10 Mar

On the 8th of march, it was international women’s day 2022. In light of the day, the UK government (Minister for women, Baroness Stedman Scott) launched 2 pay transparency pilots. 

These initiatives are to advance women’s employment opportunities through improving transparency within the job application process surrounding salary/pay, in addition to aiding businesses in improving their gender demographics; this will encourage women to make up a larger proportion of positions.  

Closing the salary gap 

Within this initiative, a salary range will be shown on job advertisements and applicants will not have to disclose their salary history- this should not be asked about during recruitment. This combined will help women to negotiate their salary expectations without their gender affecting the range they are offered or their history influencing an employer’s decision on how much their ability is worth.  

Getting women back into STEM  

STEM refers to science, technology, engineering and math. Careers in such fields are male dominated which arguably stems from institutionalised sexism. Historically, in education boys and girls are pushed towards specific subject choices- where boys are in the direction of subjects like science, technology, engineering and maths. This essentially places and invisible/ psychological barrier in front of women, preventing them from even having the thought of perusing careers in these realms of the working world.  It teaches society form a young age that specific fields of work are gendered. This makes it hard to pursue STEM careers as it is ingrained into society that these are stereotypically masculine occupations. This initiative seeks to help women with exactly this, so they can reject outdated norms and values surrounding gender bound rules.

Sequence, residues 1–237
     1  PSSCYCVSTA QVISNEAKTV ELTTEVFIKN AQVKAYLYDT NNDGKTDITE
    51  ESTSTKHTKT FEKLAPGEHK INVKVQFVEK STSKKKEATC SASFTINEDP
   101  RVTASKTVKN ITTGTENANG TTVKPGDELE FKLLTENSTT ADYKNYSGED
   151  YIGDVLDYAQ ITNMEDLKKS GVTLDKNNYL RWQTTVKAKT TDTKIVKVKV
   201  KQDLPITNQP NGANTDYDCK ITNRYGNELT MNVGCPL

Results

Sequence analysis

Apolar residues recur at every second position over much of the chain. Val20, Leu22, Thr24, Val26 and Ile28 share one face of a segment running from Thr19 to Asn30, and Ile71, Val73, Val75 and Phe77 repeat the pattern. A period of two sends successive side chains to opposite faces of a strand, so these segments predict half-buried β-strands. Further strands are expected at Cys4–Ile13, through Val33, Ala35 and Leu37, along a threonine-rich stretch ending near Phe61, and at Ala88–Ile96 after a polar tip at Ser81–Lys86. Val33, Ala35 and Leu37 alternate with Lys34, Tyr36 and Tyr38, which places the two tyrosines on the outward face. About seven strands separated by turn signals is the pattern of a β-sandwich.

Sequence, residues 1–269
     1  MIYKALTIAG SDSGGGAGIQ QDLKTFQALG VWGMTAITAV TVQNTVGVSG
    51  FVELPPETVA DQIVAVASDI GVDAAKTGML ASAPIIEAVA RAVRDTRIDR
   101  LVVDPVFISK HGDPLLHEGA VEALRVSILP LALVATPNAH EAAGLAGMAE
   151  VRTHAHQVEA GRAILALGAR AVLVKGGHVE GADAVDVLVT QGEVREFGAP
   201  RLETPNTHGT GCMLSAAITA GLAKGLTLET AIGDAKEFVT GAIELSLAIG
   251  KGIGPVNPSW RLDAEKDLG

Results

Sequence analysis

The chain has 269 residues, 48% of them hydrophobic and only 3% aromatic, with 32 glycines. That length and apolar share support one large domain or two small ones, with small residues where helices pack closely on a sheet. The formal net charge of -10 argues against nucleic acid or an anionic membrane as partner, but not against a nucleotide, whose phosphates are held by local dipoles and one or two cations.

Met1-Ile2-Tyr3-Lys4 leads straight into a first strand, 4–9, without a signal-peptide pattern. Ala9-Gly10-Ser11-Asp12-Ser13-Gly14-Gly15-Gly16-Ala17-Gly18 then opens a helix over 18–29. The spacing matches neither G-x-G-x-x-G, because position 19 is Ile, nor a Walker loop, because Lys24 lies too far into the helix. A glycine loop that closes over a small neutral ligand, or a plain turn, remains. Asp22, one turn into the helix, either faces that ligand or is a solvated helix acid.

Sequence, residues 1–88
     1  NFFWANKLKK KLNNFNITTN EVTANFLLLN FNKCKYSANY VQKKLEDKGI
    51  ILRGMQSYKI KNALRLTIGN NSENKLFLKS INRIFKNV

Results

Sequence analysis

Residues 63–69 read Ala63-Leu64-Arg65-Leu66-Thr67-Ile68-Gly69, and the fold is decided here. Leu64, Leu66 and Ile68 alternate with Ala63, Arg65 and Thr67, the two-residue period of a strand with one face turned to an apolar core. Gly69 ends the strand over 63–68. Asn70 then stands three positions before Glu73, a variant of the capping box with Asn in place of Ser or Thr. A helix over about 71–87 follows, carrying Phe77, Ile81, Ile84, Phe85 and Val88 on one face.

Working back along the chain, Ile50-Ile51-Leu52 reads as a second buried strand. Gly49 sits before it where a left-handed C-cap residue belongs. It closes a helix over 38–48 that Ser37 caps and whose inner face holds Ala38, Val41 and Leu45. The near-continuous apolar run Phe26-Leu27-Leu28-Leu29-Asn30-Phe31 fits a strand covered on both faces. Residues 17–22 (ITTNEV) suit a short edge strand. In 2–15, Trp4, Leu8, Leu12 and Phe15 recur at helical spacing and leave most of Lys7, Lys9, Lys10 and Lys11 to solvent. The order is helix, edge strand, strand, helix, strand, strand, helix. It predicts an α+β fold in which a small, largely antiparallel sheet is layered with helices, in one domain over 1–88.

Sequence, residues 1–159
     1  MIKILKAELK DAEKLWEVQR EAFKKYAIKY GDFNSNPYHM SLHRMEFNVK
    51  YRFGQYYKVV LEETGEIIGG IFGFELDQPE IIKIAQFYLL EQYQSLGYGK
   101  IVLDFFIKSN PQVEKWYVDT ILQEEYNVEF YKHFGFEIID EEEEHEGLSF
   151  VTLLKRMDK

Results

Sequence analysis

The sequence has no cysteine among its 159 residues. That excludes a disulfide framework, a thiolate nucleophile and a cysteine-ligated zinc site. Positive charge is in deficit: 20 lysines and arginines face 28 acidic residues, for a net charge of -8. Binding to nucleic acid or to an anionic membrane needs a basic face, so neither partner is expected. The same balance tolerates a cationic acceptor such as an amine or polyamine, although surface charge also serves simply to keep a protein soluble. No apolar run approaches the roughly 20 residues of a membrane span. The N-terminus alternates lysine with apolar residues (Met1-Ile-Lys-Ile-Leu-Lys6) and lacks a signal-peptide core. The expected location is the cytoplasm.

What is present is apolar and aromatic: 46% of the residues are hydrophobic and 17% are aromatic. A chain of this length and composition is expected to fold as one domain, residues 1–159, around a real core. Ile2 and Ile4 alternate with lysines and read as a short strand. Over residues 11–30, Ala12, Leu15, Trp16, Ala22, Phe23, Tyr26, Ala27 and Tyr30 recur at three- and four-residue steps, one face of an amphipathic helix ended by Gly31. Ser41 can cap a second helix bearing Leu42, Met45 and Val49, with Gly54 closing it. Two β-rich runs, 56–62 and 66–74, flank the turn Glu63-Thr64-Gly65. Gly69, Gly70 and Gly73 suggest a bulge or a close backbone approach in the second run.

How employers can support the pilots: 

  • Be sure to disclose the salary range on job advertisements 
  • If you are recruiting, do not ask about previous salary/wage 
  • Do not ask questions surrounding family planning. In recruitment this is important as it is sexist to not give the job to the best candidate based on plans to have children. Similarly, you should give promotions to the best candidate, without unconscious bias due to pregnancy plans. 
  • Allow salary negotiation within reason 


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